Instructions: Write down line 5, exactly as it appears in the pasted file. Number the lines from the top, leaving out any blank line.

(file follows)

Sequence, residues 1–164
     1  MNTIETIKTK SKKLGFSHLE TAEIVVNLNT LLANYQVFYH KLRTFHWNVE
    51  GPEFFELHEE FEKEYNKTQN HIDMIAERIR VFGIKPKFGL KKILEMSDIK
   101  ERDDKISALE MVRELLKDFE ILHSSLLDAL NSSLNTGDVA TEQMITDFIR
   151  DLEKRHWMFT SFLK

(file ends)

   151  DLEKRHWMFT SFLK